“Yes, you are correct that you have detected a change in the tone,” Dow, a former Marriott International Inc. executive, said Friday in an interview with Bloomberg. “Travel is a very fragile thing, and perception is a factor.”

The association is hopeful that, despite the inauspicious beginning, Trump cabinet officials such as billionaire financier Wilbur Ross, the Commerce Secretary, and Secretary of State Rex Tillerson, the former CEO of Exxon Mobil Corp., will help protect the travel economy. “The administration is trying to move very quickly on an agenda they put together,” Dow said. “They’re just coming in, and I think there may be people who don’t understand our industry.”

Lost decade

The USTA regularly refers to the century’s first 10 years as “the lost decade” because of the steep decline in travel to America following restrictions imposed after the 2001 terror attacks, global antipathy toward the subsequent foreign policy of President George W. Bush, and the economic fallout of the Great Recession. Outside the U.S., however, foreign travel continued to increase over the same period.

Trump’s rhetoric and unpopularity abroad is likely to reduce international arrivals by 4.3 million this year, according to  market strategy firm Tourism Economics LLC. New York City, Los Angeles, and Miami are all exposed to any declines, being among the most popular destinations for foreign travelers.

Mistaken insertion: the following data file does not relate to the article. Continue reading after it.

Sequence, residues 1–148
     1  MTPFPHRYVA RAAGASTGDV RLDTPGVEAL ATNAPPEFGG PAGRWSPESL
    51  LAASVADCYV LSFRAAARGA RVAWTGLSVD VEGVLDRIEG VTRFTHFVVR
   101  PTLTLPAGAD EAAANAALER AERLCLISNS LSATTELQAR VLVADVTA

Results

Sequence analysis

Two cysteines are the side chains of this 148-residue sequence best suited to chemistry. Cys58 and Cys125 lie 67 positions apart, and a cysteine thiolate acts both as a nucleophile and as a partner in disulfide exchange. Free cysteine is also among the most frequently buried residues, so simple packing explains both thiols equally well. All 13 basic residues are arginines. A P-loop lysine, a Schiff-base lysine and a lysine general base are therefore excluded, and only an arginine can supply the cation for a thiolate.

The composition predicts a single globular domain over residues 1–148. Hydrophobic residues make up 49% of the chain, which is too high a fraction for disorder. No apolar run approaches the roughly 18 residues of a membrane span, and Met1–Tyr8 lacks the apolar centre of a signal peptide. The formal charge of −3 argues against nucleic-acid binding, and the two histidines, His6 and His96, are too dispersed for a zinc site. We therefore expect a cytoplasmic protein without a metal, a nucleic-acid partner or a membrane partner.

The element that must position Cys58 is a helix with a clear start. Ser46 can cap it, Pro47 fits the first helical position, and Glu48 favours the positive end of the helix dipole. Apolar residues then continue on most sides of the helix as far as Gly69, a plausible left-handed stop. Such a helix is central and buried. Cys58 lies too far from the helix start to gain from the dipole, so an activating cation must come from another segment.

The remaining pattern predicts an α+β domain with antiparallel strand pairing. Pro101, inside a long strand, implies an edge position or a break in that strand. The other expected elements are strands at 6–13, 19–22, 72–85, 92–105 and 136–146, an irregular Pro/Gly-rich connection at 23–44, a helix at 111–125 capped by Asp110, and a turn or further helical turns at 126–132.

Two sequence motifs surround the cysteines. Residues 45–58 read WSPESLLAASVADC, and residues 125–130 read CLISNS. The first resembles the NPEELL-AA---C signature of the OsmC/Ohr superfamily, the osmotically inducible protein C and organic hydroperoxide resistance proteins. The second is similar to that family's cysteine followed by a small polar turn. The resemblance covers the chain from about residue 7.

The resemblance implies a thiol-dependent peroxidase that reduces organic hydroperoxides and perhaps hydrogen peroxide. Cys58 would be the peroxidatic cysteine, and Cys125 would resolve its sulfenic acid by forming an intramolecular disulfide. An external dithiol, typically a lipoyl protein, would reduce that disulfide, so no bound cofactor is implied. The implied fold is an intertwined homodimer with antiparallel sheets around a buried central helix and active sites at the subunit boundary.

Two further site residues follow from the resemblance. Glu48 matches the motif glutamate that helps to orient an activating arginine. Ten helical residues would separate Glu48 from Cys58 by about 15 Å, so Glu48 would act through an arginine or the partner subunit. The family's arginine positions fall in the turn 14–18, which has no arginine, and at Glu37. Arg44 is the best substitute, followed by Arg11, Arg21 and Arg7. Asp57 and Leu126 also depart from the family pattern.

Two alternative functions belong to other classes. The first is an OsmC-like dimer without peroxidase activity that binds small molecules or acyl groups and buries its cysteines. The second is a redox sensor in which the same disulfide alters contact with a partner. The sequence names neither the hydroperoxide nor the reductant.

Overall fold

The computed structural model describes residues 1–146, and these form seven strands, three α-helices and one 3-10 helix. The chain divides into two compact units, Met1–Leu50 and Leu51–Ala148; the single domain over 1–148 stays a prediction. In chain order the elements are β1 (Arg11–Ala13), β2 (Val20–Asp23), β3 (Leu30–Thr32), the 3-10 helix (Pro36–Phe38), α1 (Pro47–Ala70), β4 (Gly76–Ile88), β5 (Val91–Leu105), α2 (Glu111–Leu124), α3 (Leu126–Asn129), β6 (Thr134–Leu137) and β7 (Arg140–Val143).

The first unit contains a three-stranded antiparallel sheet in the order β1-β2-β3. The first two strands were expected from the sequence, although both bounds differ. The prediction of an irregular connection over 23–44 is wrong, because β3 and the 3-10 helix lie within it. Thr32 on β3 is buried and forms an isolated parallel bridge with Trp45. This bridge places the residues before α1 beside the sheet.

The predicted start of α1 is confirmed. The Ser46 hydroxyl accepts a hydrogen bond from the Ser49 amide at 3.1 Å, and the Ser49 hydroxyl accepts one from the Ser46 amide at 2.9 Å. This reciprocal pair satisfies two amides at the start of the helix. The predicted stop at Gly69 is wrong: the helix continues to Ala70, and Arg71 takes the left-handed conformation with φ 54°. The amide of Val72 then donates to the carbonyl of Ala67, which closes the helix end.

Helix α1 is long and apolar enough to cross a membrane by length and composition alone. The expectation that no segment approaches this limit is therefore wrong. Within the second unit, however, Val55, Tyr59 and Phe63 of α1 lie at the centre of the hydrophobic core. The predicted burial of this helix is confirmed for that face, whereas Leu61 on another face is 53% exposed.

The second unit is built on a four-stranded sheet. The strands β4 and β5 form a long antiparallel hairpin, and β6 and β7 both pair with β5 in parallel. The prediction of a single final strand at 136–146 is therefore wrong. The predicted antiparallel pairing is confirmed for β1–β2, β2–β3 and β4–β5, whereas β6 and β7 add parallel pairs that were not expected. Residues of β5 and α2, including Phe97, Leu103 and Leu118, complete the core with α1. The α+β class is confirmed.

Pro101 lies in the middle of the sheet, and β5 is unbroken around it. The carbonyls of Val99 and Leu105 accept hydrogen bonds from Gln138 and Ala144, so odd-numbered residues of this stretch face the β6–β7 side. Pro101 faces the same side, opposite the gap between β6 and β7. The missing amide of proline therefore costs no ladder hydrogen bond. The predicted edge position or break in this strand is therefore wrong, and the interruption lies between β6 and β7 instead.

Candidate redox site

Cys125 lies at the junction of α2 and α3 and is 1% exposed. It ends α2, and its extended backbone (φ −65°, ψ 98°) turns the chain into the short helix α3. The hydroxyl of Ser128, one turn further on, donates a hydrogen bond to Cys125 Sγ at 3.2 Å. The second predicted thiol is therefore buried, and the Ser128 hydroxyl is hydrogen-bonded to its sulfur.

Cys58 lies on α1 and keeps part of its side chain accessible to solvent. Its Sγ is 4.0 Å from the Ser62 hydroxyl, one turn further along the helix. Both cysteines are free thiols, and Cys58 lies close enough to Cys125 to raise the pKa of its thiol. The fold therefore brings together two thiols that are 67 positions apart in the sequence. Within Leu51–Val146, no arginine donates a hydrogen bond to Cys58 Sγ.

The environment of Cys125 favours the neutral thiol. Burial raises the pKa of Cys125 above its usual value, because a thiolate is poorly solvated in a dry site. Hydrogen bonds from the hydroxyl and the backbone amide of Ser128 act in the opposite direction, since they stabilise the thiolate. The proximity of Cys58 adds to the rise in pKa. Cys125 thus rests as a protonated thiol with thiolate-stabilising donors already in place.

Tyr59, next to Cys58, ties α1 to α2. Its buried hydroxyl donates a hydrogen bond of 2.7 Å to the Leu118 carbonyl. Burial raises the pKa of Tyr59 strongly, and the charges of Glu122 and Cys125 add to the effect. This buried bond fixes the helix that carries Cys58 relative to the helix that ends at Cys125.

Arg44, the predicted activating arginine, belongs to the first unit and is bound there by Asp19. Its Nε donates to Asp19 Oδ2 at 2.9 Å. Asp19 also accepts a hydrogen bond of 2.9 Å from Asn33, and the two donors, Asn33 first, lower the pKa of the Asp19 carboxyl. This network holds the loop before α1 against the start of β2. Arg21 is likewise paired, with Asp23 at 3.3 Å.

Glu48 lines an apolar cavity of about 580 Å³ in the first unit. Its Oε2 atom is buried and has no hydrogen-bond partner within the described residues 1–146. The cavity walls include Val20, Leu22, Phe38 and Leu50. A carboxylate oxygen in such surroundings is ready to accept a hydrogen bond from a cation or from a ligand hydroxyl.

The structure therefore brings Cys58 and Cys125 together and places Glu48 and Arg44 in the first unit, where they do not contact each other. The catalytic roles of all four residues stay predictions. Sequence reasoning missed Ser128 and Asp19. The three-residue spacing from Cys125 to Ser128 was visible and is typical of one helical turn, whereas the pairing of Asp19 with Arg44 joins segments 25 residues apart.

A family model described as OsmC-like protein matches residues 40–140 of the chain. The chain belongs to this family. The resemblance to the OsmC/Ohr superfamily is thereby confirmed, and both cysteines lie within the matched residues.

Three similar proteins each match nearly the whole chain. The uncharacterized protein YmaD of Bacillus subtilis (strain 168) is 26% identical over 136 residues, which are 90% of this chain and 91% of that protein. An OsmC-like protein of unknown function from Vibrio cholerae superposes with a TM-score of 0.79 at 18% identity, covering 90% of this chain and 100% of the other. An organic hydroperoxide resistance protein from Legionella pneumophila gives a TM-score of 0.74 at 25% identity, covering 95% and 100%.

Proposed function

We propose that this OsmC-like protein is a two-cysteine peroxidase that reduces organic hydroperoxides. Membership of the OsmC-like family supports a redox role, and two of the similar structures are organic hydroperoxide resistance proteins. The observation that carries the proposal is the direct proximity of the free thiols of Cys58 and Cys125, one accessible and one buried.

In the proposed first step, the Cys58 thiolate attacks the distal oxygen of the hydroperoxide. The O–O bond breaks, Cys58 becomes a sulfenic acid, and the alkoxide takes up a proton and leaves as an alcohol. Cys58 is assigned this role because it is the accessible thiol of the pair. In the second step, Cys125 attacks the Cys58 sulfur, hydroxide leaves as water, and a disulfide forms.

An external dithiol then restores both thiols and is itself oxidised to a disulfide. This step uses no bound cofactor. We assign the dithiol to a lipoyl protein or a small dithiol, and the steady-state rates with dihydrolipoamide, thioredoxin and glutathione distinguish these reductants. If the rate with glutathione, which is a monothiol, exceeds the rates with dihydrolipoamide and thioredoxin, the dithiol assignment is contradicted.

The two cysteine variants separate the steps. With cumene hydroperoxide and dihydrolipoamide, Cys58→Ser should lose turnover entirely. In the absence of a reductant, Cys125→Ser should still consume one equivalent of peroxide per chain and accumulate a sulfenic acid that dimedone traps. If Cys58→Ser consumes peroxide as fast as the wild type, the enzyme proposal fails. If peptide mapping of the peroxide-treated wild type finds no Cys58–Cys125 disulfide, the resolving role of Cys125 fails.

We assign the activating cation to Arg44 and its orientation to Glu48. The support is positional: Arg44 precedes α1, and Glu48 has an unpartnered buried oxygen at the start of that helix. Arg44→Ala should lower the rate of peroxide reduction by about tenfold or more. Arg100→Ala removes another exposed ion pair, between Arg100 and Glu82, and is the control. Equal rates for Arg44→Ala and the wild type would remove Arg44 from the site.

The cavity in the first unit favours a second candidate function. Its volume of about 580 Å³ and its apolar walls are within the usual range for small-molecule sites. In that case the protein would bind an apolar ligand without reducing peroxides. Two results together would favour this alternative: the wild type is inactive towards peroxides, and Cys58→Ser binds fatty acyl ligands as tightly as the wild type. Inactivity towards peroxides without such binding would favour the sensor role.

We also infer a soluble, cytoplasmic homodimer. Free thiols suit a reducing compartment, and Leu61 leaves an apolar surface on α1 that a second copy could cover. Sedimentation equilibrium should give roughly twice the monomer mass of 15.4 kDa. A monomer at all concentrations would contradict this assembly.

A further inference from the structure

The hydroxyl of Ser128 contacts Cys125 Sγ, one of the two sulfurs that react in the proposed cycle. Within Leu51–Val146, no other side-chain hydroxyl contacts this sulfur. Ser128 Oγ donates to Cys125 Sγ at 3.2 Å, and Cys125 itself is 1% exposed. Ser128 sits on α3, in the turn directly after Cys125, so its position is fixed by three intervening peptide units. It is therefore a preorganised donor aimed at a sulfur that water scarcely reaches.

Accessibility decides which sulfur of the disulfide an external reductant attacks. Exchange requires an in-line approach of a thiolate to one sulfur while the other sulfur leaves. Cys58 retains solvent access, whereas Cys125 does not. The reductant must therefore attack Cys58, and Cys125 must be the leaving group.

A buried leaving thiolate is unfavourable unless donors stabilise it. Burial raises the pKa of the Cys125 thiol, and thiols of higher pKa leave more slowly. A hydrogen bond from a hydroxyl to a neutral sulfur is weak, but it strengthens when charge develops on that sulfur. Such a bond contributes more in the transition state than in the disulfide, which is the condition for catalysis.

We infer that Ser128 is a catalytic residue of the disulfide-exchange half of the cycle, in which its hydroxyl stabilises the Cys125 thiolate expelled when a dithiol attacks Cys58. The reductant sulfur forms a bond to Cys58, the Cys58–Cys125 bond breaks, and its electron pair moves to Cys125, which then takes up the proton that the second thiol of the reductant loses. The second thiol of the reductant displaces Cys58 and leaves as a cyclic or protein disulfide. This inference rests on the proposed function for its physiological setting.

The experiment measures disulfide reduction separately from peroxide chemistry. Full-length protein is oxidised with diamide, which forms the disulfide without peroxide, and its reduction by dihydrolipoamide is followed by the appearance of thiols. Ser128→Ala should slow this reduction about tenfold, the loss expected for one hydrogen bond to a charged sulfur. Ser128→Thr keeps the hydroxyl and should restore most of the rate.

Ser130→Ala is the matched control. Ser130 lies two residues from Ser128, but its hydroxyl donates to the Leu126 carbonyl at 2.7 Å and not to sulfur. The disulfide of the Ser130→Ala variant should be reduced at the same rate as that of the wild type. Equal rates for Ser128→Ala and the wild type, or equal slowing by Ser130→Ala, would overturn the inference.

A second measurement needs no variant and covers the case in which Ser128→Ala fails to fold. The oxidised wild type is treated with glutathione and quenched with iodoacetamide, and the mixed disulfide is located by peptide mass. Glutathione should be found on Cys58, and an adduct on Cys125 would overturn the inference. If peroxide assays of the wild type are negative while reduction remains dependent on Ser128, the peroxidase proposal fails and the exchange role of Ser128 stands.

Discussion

To be sure, Dow predicts U.S. arrivals won’t decline as much as after Sept. 11, 2001, at least not yet. For now, he sees a dip of as much as 4 percent. “We haven’t seen the big damage yet,” he said. “What we’re getting is the noise level.”

During the administration of President Barack Obama, America saw international visitors rise, with arrivals increasing from 51 million in 2006 to nearly 78 million in 2015, according to U.S. Travel. Some of that may be attributable to Brand USA, a marketing organization formed by Obama’s Commerce Department to help sell America as an international travel destination.

Brand USA’s CEO agreed with Dow that “misperceptions” created by the two Trump travel bans are injuring the tourism economy.

Dow says he remains hopeful that the president will “clarify” his policies so that international travelers don’t decide to skip America. “Donald Trump understands it, he is a hotel owner,” Dow said. “He understands the international traveler.”


Sears has 'substantial doubt' that it can survive

Sears Holdings (SHLD), the holding company for the two iconic retail brands, warned investors late Tuesday that it can't promise it will stay in business.

It included the language in its annual report while insisting it might still turn things around.

"Our historical operating results indicate substantial doubt exists related to the company's ability to continue as a going concern," said the statement.

While its recent history has been written in red ink, Sears was once one of the nation's most powerful companies, both the Walmart and Amazon of its time. But its once-proud brands have mostly been forgotten by the modern American shopper.

Now Sears Holdings is not even sure it can raise enough cash through loans and debt financing to survive. The company owes $4.2 billion, up from about $3 billion a year ago.

It lost $2.2 billion in the fiscal year ending in January and has not turned an annual profit since 2010. Its losses since then total $10.4 billion.